Museveni new cabinet: It’s his fight for survival
COVER STORY | THE INDEPENDENT | When is the reshuffle? That was just one of many shock reactions to the new cabinet President Yoweri Museveni announced on June 08.
After many nail-biting days since the country entered the post-election June cabinet naming period, many of those that caught the president’s eye for the coveted positions were total bombshells.
It’s not unusual for Museveni’s cabinet lists to throw up surprises. Contemporary historians searching for precedent point to 1991, when Museveni appointed Cosmas Adyebo to be prime minister. At that point, the highest political position Adyebo had ever held was as a member of Apac District Council. But he replaced the all-powerful first Museveni era prime minister; the late Dr. Samson Kiseka. He did not last.
This time the President has thrown up not one but many surprises. The toss-up has thrown off speculators, pundits, and so-called power brokers and led some to believe Museveni’s claim that he hunkered underground, alone, to write the list. But of course, most interested parties and journalists have listened to claims of people supposedly drafting the list. Some ended up with “fake” lists. But there was at least the typist who, by Museveni’s own confession, let some names drop off the list.
As usual, however, after winning an election Museveni likes to play politics of reward and retribution. He rewards loyalty with slots at the cabinet table and punishes disloyal individuals and whole regions. He also uses the structure of cabinet to signal priorities by placing trusted cadres in big-budget slots such as finance, infrastructure, education, and health and defense and security.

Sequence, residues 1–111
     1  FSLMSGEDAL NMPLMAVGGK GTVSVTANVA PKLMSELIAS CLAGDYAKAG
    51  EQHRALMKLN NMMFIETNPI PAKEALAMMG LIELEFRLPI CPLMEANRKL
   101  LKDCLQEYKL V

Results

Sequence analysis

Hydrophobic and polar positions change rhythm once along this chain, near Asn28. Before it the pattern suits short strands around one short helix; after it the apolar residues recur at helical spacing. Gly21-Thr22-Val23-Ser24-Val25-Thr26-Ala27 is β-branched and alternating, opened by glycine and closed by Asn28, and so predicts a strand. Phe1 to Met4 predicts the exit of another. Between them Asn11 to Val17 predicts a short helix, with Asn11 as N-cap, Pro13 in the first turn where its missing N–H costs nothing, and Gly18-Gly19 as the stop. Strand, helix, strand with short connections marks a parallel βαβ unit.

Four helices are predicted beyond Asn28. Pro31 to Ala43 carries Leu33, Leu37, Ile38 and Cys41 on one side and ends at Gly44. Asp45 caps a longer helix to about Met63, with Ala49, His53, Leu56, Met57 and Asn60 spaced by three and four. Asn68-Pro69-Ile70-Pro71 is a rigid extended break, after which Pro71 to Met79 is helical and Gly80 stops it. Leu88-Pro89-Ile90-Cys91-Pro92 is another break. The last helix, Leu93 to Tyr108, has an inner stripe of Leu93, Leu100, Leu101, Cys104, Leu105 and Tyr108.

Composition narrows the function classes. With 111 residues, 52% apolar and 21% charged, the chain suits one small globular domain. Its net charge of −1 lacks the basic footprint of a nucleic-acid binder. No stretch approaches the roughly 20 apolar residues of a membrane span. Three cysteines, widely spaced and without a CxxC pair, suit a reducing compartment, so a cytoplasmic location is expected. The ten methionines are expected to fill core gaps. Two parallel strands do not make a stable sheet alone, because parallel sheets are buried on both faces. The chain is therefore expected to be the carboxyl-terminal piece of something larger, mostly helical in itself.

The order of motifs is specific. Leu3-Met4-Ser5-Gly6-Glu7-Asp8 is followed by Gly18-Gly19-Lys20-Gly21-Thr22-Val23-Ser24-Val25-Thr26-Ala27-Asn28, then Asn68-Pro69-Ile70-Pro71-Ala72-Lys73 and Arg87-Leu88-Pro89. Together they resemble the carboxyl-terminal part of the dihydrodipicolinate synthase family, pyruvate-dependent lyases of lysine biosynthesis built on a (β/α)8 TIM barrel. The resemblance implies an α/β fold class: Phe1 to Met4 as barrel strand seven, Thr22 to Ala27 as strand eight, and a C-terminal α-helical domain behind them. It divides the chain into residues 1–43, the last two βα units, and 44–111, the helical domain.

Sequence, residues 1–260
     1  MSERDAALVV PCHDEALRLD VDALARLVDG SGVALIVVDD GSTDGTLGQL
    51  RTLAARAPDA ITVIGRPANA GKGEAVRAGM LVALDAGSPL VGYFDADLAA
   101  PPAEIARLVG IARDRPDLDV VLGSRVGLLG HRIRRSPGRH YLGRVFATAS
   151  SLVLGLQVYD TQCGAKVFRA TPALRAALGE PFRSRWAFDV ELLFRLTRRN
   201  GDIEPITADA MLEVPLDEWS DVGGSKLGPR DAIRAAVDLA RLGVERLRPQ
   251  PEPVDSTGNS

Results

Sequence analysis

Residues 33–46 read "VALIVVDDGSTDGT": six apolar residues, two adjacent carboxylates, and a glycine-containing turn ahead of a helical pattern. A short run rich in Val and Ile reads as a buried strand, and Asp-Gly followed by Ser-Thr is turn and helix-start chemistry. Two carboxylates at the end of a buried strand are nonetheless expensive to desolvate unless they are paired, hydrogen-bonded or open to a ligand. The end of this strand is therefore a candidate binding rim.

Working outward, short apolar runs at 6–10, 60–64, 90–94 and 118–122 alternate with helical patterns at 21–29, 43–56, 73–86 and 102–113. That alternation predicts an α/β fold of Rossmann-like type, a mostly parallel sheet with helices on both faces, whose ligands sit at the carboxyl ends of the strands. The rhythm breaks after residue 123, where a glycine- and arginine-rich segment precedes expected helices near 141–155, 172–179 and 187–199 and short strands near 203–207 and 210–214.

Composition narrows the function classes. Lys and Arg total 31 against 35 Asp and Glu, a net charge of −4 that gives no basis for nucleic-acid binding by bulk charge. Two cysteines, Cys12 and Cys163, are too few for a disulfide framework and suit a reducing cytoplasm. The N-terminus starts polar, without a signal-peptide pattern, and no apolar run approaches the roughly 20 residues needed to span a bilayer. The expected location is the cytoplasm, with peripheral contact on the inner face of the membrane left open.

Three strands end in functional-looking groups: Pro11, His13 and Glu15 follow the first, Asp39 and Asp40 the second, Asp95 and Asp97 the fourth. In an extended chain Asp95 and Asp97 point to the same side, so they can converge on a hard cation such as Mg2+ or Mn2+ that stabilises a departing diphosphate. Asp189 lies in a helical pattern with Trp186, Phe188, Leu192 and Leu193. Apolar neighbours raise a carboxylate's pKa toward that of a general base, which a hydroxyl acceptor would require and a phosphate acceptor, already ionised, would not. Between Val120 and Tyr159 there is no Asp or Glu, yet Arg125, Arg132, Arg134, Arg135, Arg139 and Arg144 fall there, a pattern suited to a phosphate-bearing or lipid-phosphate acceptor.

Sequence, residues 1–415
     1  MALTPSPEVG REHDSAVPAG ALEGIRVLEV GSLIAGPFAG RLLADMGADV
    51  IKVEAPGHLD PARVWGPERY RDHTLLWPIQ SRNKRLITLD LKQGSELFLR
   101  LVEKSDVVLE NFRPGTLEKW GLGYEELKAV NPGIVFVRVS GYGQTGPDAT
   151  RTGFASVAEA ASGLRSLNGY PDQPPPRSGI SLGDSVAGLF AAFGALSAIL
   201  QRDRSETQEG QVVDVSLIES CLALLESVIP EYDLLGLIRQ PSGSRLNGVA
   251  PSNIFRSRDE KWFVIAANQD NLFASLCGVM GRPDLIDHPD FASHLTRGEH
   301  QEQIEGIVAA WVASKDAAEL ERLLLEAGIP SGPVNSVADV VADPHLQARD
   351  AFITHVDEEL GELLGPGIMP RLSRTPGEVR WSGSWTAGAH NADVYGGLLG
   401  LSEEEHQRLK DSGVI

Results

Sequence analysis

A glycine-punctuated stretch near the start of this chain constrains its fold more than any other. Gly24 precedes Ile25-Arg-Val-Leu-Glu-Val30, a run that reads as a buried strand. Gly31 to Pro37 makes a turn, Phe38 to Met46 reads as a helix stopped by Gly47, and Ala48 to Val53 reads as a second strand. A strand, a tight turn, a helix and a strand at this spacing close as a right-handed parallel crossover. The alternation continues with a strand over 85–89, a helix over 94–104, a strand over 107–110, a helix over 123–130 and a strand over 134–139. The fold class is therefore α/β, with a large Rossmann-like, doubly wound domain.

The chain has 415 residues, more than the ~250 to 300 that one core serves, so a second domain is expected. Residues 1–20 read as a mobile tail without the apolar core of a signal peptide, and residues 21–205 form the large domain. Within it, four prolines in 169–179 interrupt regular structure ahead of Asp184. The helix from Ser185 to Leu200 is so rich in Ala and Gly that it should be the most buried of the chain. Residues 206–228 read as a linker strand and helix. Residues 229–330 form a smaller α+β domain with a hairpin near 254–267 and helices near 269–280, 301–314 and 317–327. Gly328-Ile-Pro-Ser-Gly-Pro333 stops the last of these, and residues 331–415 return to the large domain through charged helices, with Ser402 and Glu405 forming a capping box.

But, it appears, this time Museveni has been compelled by many external factors to make some expedient forced moves. Factors include his determination to survive and hold on to power, throw off those he does not trust, and renew himself by injecting young blood into his government.
Method in madness
In the end, Museveni appears to have made some perfunctory picks of noise makers and those daring enough to raise their heads. The new Prime Minster Robinah Nabbanja, First Deputy Prime Minister Rebecca Kadaga, and Government Chief Whip Thomas Tayebwa were all involved in the squabble for the positions of Speaker and Deputy Speaker of Parliament. Other appointees, Margaret Muhanga; the designate Minister of State for Health, was a leading backer of Speaker Jacob Oulanyah, and Jacob Oboth-Oboth (Defence) vied for the deputy speakership. It appears that is how they caught the president’s eye; through trading compromises in the jostle for positions.
But there was also method in the madness. President Museveni is officially 77 years old. His previous vice president, Edward Ssekandi was 79 years old. The new one, Jessica Alupo is 47 years old.
Same with the prime minister position. The previous one, Ruhakana Rugunda is 74 years old. The new one is 52 years old.
So Museveni clearly had an eye on age. He brought in many young people; especially women; Diana Mutasingwa (Office of Vice President), Esther Anyakun (Relief and Disaster Preparedness), Alice Kaboyo (Luwero and Rwenzori), Agnes Nandutu (Karamoja), Sarah Mateke (Youth and Children affairs) and many more.
Most of these covered both Museveni’s desire to renew his government with young blood and his survival strategy. Some of them are children of Museveni’s old comrades who are either dead or too old to serve.